We use the literature on race in death penalty to illustrate the hold that ideology has on researchers and journalists alike when a social issue is charged with emotional content. We note particularly how statistical evidence become misinterpreted in ways that support a particular ideology, either because of innumeracy or because—subconsciously or otherwise—one’s ideology precludes a critical analysis. We note that because white defendants are now proportionately more likely to receive the death penalty and to be executed than black defendants that the argument has shifted from a defendant-based to a victim-based one. We examine studies based ...


Salvation Through Community And Protest, Hannah K. Griggs Jan 2017

Salvation Through Community And Protest, Hannah K. Griggs

Mary Wollstonecraft Writing Award

This essay examines the theodicies of Nancy Pineda-Madrid, Kelly Brown Douglas, and Dorothee Soelle to strategize ways for Christians to combat rising threats to marginalized communities. Synthesizing the arguments of these three feminist Christians, I argue that only a theodicy of protest succeeds in accounting for structural injustice caused by kyriarchal relationships. As Christians come to terms with America’s current political situation, I call for a reimagining of Anselm’s salvation narrative. My protest theodicy theorizes a new Christian narrative that strives to alleviate this-worldly suffering in order to produce salvation through radical community, by “signifyin’” to disrupt power ...


Master's Tools And The Master's House: A Historical Analysis Exploring The Myth Of Educating For Democracy In The United States, Timothy Scott Jan 2017

Master's Tools And The Master's House: A Historical Analysis Exploring The Myth Of Educating For Democracy In The United States, Timothy Scott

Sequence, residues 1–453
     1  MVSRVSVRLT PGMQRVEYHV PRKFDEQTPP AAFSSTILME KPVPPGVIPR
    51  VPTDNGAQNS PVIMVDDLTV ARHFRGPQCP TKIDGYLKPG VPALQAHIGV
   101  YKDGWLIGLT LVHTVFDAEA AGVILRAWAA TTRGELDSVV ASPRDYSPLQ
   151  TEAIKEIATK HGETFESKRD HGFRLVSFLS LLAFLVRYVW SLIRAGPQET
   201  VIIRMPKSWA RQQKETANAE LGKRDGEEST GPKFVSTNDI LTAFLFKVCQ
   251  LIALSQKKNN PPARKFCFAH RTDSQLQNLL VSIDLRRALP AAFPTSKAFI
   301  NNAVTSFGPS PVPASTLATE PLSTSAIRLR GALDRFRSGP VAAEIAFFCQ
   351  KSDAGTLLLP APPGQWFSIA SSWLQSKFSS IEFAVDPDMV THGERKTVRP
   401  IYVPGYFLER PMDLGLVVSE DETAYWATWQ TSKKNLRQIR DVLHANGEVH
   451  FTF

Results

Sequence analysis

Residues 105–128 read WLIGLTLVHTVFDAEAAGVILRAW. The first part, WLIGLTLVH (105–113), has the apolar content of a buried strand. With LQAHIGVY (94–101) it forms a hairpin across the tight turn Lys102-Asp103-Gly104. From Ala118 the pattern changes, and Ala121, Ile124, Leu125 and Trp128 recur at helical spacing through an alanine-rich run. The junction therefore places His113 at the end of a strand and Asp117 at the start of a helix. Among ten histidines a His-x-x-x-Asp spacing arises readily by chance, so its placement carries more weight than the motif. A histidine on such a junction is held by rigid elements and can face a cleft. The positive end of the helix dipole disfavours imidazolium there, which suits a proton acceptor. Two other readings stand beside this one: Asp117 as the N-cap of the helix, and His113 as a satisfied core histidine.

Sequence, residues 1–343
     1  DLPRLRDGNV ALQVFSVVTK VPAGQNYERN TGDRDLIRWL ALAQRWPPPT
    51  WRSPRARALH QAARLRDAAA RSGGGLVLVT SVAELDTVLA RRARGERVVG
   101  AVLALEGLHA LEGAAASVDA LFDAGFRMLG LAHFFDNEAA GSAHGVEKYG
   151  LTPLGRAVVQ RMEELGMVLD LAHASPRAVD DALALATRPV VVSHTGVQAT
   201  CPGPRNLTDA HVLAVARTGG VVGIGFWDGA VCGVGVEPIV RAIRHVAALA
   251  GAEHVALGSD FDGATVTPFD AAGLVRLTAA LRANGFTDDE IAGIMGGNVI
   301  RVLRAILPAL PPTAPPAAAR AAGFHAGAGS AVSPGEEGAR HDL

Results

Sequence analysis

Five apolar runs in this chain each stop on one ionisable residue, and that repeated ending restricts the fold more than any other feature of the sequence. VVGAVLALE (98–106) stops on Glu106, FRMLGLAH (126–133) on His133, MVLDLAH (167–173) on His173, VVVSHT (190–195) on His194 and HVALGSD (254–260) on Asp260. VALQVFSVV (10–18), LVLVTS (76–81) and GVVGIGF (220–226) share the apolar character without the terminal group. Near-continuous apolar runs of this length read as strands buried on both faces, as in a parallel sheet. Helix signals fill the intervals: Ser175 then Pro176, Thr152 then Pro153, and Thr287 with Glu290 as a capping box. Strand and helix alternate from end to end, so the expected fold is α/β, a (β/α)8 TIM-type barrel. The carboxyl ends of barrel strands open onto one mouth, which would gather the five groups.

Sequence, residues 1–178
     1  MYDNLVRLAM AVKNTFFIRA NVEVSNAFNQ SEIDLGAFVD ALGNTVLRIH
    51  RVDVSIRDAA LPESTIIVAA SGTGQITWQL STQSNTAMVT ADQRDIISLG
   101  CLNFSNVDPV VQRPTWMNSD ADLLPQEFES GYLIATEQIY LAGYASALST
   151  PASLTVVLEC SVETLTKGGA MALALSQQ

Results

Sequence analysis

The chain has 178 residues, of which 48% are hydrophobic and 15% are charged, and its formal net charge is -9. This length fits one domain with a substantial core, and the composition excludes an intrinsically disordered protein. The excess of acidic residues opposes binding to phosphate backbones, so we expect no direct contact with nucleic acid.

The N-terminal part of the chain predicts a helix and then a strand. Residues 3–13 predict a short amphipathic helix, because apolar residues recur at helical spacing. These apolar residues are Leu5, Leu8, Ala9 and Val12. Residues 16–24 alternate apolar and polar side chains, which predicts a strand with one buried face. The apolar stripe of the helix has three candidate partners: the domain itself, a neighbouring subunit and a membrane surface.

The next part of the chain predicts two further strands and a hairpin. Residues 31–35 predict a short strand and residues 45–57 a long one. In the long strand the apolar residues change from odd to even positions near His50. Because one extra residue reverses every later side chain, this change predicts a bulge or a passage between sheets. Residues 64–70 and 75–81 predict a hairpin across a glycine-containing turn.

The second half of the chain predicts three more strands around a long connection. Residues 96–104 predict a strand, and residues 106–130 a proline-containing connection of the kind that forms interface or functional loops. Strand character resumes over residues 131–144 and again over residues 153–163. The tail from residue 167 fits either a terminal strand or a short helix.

Doctoral Dissertations

Over the past forty-years, neoliberal education reform policies in the U.S. have spurred significant resistance, often galvanized by claims that such policies undermine public education as a vital institution of U.S. democracy. Within this narrative, many activists call to “save our schools” and return them to a time when public schools served the common good. With these narratives in mind, I explore the foundational and persistent power structures that characterize the U.S. as a means to reveal the fundamental purpose of its public education system. The questions that guide my research include: (1) With an understanding that ...


Verbal -S Productions In The Structured Writing Samples Of Variable Aae-Speaking Fourth-Grade Students With And Without Language Impairment, Jacklyn High Felton Jan 2017

Verbal -S Productions In The Structured Writing Samples Of Variable Aae-Speaking Fourth-Grade Students With And Without Language Impairment, Jacklyn High Felton

Doctoral Dissertations

Researchers in speech-language pathology and ethnolinguistics have worked to gain knowledge about typical and atypical language patterns of African American children who are identified as African American English (AAE) dialect speakers. Much progress had been made, but limitations in this field of knowledge have persisted, especially for AA children who demonstrate variable use of AAE, presumably through the process of assimilation in the school setting. Therefore, more information is needed to provide diagnostic markers for deviations in typical language development for variable AAE-MAE speakers. Prior empirical research has found that third- and fourth-grade AAE-speaking children with typical language development overtly ...